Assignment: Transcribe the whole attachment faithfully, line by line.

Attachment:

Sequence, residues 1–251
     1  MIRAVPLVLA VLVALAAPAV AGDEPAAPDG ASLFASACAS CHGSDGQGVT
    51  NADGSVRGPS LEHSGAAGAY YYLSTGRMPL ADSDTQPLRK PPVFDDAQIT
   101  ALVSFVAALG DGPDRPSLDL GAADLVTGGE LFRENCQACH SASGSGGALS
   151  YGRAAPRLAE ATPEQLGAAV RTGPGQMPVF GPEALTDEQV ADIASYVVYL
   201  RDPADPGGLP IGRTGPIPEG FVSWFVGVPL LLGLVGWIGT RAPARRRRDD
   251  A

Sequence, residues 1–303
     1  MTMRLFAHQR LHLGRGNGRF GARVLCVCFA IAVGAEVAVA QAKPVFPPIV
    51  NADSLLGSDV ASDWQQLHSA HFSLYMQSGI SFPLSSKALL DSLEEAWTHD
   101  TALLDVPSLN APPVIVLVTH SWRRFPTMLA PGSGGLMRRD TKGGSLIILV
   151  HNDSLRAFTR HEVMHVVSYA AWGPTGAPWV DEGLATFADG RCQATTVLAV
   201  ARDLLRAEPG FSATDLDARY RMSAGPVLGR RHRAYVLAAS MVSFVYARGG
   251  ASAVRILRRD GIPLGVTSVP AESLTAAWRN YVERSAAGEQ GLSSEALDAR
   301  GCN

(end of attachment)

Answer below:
Sequence, residues 1–251
     1  MIRAVPLVLA VLVALAAPAV AGDEPAAPDG ASLFASACAS CHGSDGQGVT
    51  NADGSVRGPS LEHSGAAGAY YYLSTGRMPL ADSDTQPLRK PPVFDDAQIT
   101  ALVSFVAALG DGPDRPSLDL GAADLVTGGE LFRENCQACH SASGSGGALS
   151  YGRAAPRLAE ATPEQLGAAV RTGPGQMPVF GPEALTDEQV ADIASYVVYL
   201  RDPADPGGLP IGRTGPIPEG FVSWFVGVPL LLGLVGWIGT RAPARRRRDD
   251  A

Sequence, residues 1–303
     1  MTMRLFAHQR LHLGRGNGRF GARVLCVCFA IAVGAEVAVA QAKPVFPPIV
    51  NADSLLGSDV ASDWQQLHSA HFSLYMQSGI SFPLSSKALL DSLEEAWTHD
   101  TALLDVPSLN APPVIVLVTH SWRRFPTMLA PGSGGLMRRD TKGGSLIILV
   151  HNDSLRAFTR HEVMHVVSYA AWGPTGAPWV DEGLATFADG RCQATTVLAV
   201  ARDLLRAEPG FSATDLDARY RMSAGPVLGR RHRAYVLAAS MVSFVYARGG
   251  ASAVRILRRD GIPLGVTSVP AESLTAAWRN YVERSAAGEQ GLSSEALDAR
   301  GCN